One skill I still need to work on is estimating how long it will take me to do my work. Sometimes unfamiliar work takes longer than I expect; sometimes I’m speedy past even my wildest expectations. Case in point: the book I’m writing about art and recreation on Mars. The more I clarified my content and what I needed to know to make the book tell the story I wanted to tell, the more I realized how much more I needed to read to be “smart” enough to write it well. I’ll spend some time today discussing how to better estimate the time needed to complete large projects.
Clarify the Scope
The scope of this book comprises much of the ground I covered in the long paper I wrote on this topic last year, plus some additional background topics to make the “story” I’m trying to tell complete. The “good” news is that I’ve already gathered the research from the paper. The problem is gathering sufficient information for the new sections.
As it turned out, I need to learn quite a bit about art history and even some anthropology to give this book the proper scope (why make it easy on myself?). I also have a tourism theme in the book because I have a personal interest in getting to other planets, and I’m more likely to get to the Moon or Mars as a paying travel customer than as a usefully trained astronaut.
All of these topics require a lot of reading. I have only so many hours in the day, and I have to balance my writing for fun with writing for pay, not to mention the regular maintenance of my body, home, and relationships with others. I had hopes that I might finish a draft of this book before I head off on a vacation in September. I would also like to interview some people who have experience or knowledge related to my subject matter. Arranging those interviews, conducting them (1 hour maximum each), and transcribing them will take time as well. Some of them might require travel, if only because I want to visit a couple places in person.
When I combine my reading with the interviews I wish to conduct, it quickly occurred to me that there was no way I’d be done with my research by September. More likely, I’ll be able to finish the research by the end of this year or early next year. I could skimp on the research but 1) I enjoy it and 2), I want to make certain I’ve got enough material available to write with some authority.
Make the Time
Aside from family or social commitments (with occasional “days off” for rest), I can see that my evenings are going to be consumed by this project…at least if I want to finish in a reasonable amount of time. I am my own boss and customer. I have a strong customer service ethic, so I’m more likely to take this book seriously if I treat it as a work project and not just something I’ll do “for fun.” As friends and family will tell you, I always find time to work. Fortunately, this happens to be work I enjoy.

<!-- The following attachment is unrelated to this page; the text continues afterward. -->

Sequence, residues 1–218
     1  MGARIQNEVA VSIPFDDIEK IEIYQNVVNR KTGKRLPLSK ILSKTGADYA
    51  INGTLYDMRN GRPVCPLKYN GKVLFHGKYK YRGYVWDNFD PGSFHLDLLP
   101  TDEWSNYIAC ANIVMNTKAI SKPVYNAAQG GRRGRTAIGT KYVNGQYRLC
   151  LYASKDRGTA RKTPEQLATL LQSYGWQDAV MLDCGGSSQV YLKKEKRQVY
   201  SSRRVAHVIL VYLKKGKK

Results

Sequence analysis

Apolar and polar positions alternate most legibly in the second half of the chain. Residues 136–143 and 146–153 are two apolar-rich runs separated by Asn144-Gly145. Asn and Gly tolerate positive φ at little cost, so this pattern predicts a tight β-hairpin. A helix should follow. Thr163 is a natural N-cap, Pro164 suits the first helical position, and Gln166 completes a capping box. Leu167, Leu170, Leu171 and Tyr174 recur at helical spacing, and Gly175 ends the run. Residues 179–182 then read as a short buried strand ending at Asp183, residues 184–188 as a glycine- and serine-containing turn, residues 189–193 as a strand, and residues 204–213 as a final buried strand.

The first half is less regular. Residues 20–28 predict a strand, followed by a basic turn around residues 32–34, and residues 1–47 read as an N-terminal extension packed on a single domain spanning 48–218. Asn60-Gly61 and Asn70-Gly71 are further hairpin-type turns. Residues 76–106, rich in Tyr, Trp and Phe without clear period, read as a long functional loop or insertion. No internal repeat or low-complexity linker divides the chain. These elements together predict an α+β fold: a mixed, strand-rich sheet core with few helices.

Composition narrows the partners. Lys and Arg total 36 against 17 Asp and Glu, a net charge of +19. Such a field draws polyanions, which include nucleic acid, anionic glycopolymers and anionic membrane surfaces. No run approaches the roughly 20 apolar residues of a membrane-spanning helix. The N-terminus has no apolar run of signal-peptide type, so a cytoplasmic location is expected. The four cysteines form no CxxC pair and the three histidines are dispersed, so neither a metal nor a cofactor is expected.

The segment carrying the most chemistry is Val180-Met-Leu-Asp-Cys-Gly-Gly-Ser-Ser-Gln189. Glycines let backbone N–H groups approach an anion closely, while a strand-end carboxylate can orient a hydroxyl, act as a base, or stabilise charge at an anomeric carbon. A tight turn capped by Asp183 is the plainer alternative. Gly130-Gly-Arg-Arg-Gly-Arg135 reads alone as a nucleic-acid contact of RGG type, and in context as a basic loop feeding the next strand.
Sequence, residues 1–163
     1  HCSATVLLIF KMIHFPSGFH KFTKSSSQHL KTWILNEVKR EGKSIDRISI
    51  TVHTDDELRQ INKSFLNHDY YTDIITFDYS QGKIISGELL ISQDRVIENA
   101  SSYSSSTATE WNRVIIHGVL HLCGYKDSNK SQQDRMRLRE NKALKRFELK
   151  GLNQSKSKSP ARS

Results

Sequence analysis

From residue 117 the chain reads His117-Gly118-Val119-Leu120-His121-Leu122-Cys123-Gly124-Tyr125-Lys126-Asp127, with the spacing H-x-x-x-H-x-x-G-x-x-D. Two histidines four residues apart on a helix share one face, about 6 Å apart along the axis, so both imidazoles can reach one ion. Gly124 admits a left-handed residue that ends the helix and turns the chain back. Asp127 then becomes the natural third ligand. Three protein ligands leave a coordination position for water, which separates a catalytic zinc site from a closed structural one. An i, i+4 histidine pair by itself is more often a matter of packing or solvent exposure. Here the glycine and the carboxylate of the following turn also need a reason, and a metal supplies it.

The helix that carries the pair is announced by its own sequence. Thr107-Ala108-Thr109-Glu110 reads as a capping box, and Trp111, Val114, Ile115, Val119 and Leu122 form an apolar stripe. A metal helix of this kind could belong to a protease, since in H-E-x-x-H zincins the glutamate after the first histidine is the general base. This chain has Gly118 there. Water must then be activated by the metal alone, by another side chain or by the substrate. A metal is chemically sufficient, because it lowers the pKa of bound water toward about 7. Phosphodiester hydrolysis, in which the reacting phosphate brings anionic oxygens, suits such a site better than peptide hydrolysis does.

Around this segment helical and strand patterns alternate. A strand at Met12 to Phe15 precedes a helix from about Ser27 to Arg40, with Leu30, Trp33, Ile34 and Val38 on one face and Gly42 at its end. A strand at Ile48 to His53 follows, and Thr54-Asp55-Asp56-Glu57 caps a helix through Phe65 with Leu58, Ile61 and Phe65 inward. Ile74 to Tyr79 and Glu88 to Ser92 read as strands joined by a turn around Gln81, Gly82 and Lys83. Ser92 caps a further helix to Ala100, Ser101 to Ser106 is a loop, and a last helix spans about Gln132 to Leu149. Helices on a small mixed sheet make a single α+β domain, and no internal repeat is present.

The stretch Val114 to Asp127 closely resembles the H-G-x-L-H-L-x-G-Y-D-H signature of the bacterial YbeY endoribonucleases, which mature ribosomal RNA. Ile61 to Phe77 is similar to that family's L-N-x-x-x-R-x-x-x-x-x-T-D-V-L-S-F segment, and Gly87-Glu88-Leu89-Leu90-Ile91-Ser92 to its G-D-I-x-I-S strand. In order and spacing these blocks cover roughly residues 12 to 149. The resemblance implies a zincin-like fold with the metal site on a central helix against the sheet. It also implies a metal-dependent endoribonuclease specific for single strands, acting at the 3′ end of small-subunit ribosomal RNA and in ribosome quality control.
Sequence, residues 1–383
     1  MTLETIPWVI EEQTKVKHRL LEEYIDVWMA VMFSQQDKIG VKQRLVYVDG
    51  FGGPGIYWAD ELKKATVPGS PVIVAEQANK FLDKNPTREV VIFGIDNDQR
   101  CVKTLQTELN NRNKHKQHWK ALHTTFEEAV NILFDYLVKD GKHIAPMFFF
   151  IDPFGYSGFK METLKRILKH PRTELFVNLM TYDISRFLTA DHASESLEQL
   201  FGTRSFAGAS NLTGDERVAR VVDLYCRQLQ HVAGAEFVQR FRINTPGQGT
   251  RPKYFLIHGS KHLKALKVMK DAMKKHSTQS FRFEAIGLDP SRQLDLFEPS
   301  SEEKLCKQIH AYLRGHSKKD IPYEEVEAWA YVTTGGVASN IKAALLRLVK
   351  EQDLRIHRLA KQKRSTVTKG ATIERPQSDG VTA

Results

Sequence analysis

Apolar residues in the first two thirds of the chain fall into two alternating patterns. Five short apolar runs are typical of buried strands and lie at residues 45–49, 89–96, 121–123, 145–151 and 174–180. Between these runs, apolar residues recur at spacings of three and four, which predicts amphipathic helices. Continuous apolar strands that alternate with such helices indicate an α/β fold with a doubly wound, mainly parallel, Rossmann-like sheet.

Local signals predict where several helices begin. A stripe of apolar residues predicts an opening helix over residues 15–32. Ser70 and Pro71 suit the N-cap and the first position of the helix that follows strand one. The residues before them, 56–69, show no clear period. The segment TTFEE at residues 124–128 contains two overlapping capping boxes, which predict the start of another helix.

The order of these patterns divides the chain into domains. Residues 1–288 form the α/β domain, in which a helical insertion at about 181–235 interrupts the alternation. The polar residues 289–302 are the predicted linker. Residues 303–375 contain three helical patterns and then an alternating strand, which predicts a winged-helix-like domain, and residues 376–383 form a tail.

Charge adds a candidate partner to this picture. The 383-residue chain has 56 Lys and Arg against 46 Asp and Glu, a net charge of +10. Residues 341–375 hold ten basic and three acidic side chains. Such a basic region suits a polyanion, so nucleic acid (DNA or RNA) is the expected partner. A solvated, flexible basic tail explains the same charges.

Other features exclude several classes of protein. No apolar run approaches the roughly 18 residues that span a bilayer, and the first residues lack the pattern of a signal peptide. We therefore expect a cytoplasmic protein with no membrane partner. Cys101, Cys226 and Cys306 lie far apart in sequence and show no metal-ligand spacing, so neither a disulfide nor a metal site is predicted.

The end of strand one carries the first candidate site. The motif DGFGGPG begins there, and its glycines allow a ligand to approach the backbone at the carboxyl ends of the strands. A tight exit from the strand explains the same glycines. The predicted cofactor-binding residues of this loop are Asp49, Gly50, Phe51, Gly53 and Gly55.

Make a Schedule
Next on my list, after clarifying my list of sources and interviews, is to make a schedule that makes sense but doesn’t put off a completion date so far into the future that I never finish. One year seems sufficient. At least half of that time will be devoted to reading, interviewing, and transcribing notes. Maybe 1/3 of the time will be devoted to writing, with the remaining 1/6 of the time going to rewriting and editing. I probably have those percentages wrong, but that’s what I’m going with for now…
March – September: Research and interviews
October – December: Draft writing
January – March: Rewriting, revising, editing, proofreading w/assistance
April – June: Submit for publication
Am I likely to finish on the schedule? Unknown. It’s entirely possible that the reading will be done by then, but I’m not certain about the interviews. While I would dearly love to visit Johnson Space Center and talk with astronauts one-on-one, I suspect I’ll have to settle for Zoom interviews. Plus, my travel funds are limited. However, once I have all my notes in one place, the organizing and writing (much of which will be going on in my subconscious as I go along) should move along pretty speedily.
Contrasting Personal Projects with Work Projects
I won’t lie: if I was handed this assignment by a paying client, the deadlines would be a lot firmer and my focus on the task would be much tighter because there was actual money to be earned from hitting my milestones and producing results. Work projects usually require an estimate of hours. Deliverables would be more concrete, and a budget laid out to cover labor and materials (so far I’ve spent well over $200 on books and will most likely cough up at least $100 more…plus another $100 for a new bookcase, as I’m running out of room on my current office bookshelves). Hours scheduling would be based on my expected reading speed (30-50 pages an hour, depending on how interesting it is); my expected writing speed (10-20 pages per day); and editing speed (10 pages an hour). All of these numbers might, in fact, be obtainable if I sat down and looked at them…stand by for further updates.
The bottom line is that schedules need to be a balance between dedication and realism. If I’m zooming along, on a good day, I can exceed my targets. If I run into a snag–illness, emergency, other–the work will be delayed. Still, whether I’m working for myself or someone else, I need to set myself a deadline and oblige myself to stick to it.
Copyright secured by Digiprove © 2022 Bart Leahy